Oceanside High School Evaluation Plan unveiledRSU 13 leaders talk about student test results
Rockland — Regional School Unit 13 administrators presented the Oceanside High School Evaluation Plan to school board members Sept. 6, providing a look at student achievement in a number of areas.
Superintendent Lewis Collins called the evaluation plan "revolutionary," noting he hasn't seen this comprehensive a look at student performance made public in other districts.
Director of School Improvement Neal Guyer presented the report along with Principals Larry Schooley of Oceanside West and Tom Forti of Oceanside East.
"This will be a guiding document for us," Forti said. "This is really taking this seriously and being transparent about what we are doing."
The report includes a number of assessments and test results for students from grades 8 to 12.
It showed that members of the class of 2016 (eighth grade last year) did better in reading than they did in math on state tests. In the state reading test, 66 percent of the students met or exceeded standards, compared to 77 percent of state students.
In the state math test, 49 percent met or exceeded standards.
In writing the results were more mixed. On the state writing test, 40 percent of students in this class met or exceeded standards, but on a district writing test 81 percent met or exceeded standards.
In terms of grades, 89.5 percent earned passing grades out of the 1,280 grades given, according to Schooley, and 10.5 percent failed.
The honor roll showed a steady drop over the course of the year for female students. Male students performed worse than females in this area, but showed a slight upturn from the third quarter to the fourth quarter of the 2012 school year.
The scores were fairly similar for the class of 2015 when they took the same tests in grade 8 (they were in grade 9 last year), with 68 percent meeting or exceeding standards on state reading, 38 percent on state writing, 53 percent on state math.
One of the most critical areas, the principals said, was the credits earned in ninth grade.
"RSU 13 archival research involving 10 years of historical data show that of students who earned three credits or less during their ninth-grade year, only 30 percent earned a regular high school diploma," the report states. "By contrast, students who earned 6-7 credits during their ninth-grade year had an 87 percent on-time graduation rate."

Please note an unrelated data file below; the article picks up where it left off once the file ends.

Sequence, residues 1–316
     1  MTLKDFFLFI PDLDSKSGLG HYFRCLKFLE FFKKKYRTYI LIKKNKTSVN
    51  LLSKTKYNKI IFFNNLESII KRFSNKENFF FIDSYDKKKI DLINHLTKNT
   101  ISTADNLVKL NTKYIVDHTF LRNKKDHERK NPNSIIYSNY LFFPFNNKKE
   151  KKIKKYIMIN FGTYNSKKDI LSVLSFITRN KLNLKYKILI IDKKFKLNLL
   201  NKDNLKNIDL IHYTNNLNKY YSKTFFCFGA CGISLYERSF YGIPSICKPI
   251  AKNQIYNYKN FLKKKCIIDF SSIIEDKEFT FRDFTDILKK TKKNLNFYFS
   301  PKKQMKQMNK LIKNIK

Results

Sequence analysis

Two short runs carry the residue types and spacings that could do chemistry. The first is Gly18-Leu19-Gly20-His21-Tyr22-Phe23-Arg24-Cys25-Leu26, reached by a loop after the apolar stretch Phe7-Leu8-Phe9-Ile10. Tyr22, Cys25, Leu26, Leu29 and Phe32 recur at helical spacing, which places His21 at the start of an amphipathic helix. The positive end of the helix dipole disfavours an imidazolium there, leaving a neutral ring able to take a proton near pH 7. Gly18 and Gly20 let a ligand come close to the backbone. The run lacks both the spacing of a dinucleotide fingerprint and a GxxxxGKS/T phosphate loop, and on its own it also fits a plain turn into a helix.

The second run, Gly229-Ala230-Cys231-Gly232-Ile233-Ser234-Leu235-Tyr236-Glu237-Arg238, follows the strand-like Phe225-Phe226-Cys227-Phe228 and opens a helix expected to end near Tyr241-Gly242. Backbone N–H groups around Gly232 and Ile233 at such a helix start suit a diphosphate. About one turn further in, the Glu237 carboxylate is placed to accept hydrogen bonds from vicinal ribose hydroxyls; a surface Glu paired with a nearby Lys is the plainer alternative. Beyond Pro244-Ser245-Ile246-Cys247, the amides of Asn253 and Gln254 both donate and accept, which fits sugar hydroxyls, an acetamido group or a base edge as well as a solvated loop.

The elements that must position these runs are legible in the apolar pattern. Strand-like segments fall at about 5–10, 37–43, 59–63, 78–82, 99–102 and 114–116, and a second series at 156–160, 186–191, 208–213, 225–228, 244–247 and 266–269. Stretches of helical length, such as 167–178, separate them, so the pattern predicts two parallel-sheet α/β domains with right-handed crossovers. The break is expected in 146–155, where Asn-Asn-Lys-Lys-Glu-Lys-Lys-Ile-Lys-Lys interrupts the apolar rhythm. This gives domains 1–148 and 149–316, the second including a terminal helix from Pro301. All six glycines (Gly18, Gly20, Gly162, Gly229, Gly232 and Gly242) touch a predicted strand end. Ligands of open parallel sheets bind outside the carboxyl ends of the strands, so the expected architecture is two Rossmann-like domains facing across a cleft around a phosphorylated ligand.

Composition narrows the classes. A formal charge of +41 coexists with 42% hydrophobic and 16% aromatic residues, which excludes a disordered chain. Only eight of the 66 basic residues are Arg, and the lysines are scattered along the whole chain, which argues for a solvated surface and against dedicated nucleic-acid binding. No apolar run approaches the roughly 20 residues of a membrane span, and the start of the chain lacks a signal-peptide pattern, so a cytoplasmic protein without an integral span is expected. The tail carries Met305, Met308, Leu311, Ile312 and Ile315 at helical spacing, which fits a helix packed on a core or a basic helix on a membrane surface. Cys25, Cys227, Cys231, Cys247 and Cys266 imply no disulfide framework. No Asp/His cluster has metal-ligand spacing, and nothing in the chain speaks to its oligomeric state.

For the school year of 2011-2012, 11 students or 5 percent in grade nine earned less than three credits. Another 41 students (21 percent) earned between 3 and 5.5 credits. The majority, 74 percent or 147 students, earned 6-7 credits.
Forti also outlined the graduation rate for the school. As of Oct. 1, 2011, there were 157 students enrolled in grade 12, and 154 graduated on time for a 98 percent graduation rate.
School board members praised this result and Forti said it was nice to see.
Forti said the fact that grade nine is so critical was one of the reasons for consolidating and creating the Oceanside West grade eight and nine school, which allows the district to work on the transition from junior high school to high school work.
The evaluation plan also included a "college work readiness assessment." Schooley explained that this test looks at the needs of the present day college student and member of the workforce.
"One of the problems with the education field is that we are saying that we want to prepare kids for 21st century learning skills, which is problem-solving and analytical thinking," he said. "The problem is there's not a lot of tests around to really measure that."
He said that in this test, the students are given information including readings, charts and video clips. They have to preview the materials and then write a well-written paper taking a stance on an issue and backing it up by citing the material they reviewed.
"It was a daunting task," he said. "My staff and I weren't sure we were going to do that well if we took that test."
The students were graded on a number scale of 1 to 6, with 6 being the highest score and those performing over a 3 were considered to have done fairly well in terms of problem solving, analytical thinking and writing skills. These skills are seen as predictors of success in college.
Of the grade 9 students taking the test, 57 percent scored 3 or above in analytical reasoning and evaluation, 43 percent in problem solving, 76 percent in writing mechanics and 49 percent in writing effectiveness.
"We came out relatively well for the first time out," Schooley said. He said the teachers are adjusting their instruction now that they have seen the test.
"We're measuring two extraordinarily critical skills long-term for kids, analytical reasoning and problem solving," Collins said. "Think about that. It's great to say you've done wonderful on your math assessment, but to say you have the analytical skills and problem-solving skills to be independent, which is our only gift to kids."
Schooley said his daughter found that those were the key skills in the workplace, and that she did not receive enough training in that from high school or college.
In the workplace, "they put her in a pod, gave her a project, and said here's the deadline. Get it done with very little supervision," Schooley said.
"Local business people tell me this is what they want from graduates," said school board Vice Chairman Loren Andrews. "One person said don't give me someone who can quote Shakespeare. Send me someone who can solve problems and work with other people."
The report outlines goals for the district including a graduation rate that equals or exceeds 90 percent and preparing students to be successful in post-secondary options.
News Editor Daniel Dunkle can be reached at firstname.lastname@example.org. Follow him on twitter at @DanDunkle.